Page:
token = oauth.OAuthToken(credentials["token"],
    if not parameters:
        _, _, _, _, query, _ = urlparse(uri)
        parameters = dict(cgi.parse_qsl(query))
    request = oauth.OAuthRequest.from_consumer_and_token(
    sig_method = oauth.OAuthSignatureMethod_HMAC_SHA1()
    request.sign_request(sig_method, consumer, token)
    print "SIGNED:", repr(request.to_url())
    return request.to_url()

And how do we ask for the quo­ta us­age? By ac­cess­ing the http­s://one.ubun­tu.­com/api/quo­ta/ en­try point with the prop­er au­tho­riza­tion, we would get a JSON dic­tio­nary with to­tal and used space. So, here's a sim­ple way to do it:

    # This is on __init__
    self.nam = QtNetwork.QNetworkAccessManager(self,


def get_quota(self):
    """Launch quota info request."""
    uri = self.sign_uri(QUOTA_API)
    url = QtCore.QUrl()

Again, see how get_quo­ta does­n't re­turn the quo­ta? What hap­pens is that get_quo­ta will launch a HTTP re­quest to the Ubun­tu One server­s, which will, even­tu­al­ly, re­ply with the da­ta. You don't want your app to block while you do that. So, QNet­workAc­cess­Man­ag­er will call self­.re­ply_fin­ished when it gets the re­spon­se:

def reply_finished(self, reply):
    if unicode(reply.url().path()) == u'/api/quota/':
        # Handle quota responses
        self._quota_info = json.loads(unicode(reply.readAll()))
        print "Got quota: ", self._quota_info
        # Again, don't worry about update_menu yet ;-)

What else would be nice to have? How about get­ting a call when­ev­er the sta­tus of sync­dae­mon changes? For ex­am­ple, when sync is up to date, or when you get dis­con­nect­ed? Again, those are DBus sig­nals we are con­nect­ing in our __init__:

self.status_proxy = bus.get_object(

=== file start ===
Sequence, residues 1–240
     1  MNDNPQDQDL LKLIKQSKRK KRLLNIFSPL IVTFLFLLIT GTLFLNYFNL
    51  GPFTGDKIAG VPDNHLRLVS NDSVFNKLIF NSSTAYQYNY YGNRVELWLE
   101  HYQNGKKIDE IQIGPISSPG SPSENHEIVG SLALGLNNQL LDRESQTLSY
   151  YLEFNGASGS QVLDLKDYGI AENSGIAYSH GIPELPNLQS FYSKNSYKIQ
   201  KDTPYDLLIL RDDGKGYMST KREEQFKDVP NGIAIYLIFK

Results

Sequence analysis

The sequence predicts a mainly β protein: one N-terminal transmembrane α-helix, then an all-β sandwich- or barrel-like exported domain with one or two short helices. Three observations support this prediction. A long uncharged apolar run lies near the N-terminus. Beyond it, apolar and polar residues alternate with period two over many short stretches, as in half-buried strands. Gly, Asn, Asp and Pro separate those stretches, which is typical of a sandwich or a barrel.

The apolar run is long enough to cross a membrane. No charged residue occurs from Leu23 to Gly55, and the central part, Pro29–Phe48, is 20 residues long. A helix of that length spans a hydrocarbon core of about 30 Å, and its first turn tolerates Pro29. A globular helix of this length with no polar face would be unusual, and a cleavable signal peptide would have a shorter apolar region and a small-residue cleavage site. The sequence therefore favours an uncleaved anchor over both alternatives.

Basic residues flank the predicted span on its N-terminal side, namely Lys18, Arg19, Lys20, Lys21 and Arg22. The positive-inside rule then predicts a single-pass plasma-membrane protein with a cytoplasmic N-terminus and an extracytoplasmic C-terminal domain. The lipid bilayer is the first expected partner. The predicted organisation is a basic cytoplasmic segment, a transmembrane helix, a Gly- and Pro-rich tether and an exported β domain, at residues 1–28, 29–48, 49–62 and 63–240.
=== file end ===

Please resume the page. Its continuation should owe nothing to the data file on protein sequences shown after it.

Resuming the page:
'com.ubuntuone.SyncDaemon', '/status')
self.status_iface = dbus.Interface(self.status_proxy,
    'StatusChanged', self.status_changed)

# Get the status as of right now
self._last_status = self.process_status(

And what's sta­tus_changed?

def status_changed(self, status):
    print "New status:", status
    self._last_status = self.process_status(status)

The pro­cess_s­ta­tus func­tion is bor­ing code to con­vert the in­fo from sync­dae­mon's sta­tus in­to a hu­man-read­able thing like "Sync is up­-­to-­date". So we store that in self­._last_s­ta­tus and up­date the menu.

What menu? Well, a QSys­tem­Tray­I­con's con­text menu! What you have read are the main pieces you need to cre­ate some­thing use­ful: a Ubun­tu One tray app you can use in KDE, XFCE or open­box. Or, if you are on uni­ty and in­stall sni-qt, a Ubun­tu One app in­di­ca­tor!

My Ubun­tu One in­di­ca­tor in ac­tion.

You can find the source code for the whole ex­am­ple app at my u1-­toys project in launch­pad and here is the full source code (miss­ing some icon re­sources, just get the re­po)

Com­ing soon(ish), more ex­am­ple app­s, and cool things to do with our APIs!

Dear Dr. Sheldon Cooper...

This post is a joke.

Dr. Coop­er, I hope this let­ter finds you in good health. I could­n't avoid over­hear­ing you talk with Dr. Hof­s­tadter on our build­ing's stair­case the oth­er day.

Specif­i­cal­ly when you mused about how life would be if peo­ple evolved from rep­tiles. I am so dis­ap­point­ed in you.

First, you men­tion that lizards are cold-blood­ed. Which is true. And that when it's cold they get slow­er. Which is al­so true. But then you sayd some­thing like "the weath­er­lizard would say 'it's slow out­side' in­stead of 'it's cold'".

POP­PY­COCK Dr. Coop­er! If the lizard is slow be­cause it's cold, it would per­ceive ev­ery­thing out there as fast, not slow, just like slow cars see faster cars as, you know... fast?

Al­so, the men­tion about sug­gest­ing the lizard should wear a sweater is a slap on the face of physic­s. Sweaters are an in­su­la­tor, not an en­er­gy source. What makes the in­side of the sweater warm is the hu­man, Dr. Cold-blood­ed lizards would have no such ef­fect be­yond the tiny ther­mal in­er­tia such an im­per­fect wool in­su­la­tor would al­low.

If you are in­ter­est­ed on fur­ther ar­gu­ment in hu­man-­like rep­tile civ­i­liza­tion and folk­lore I will be hap­py to in­dul­ge, but I must say I ex­pect­ed bet­ter of you.

Mrs. Vartabe­di­an.

PS: things like this are the rea­son why I nev­er ask you to come home for ce­re­al.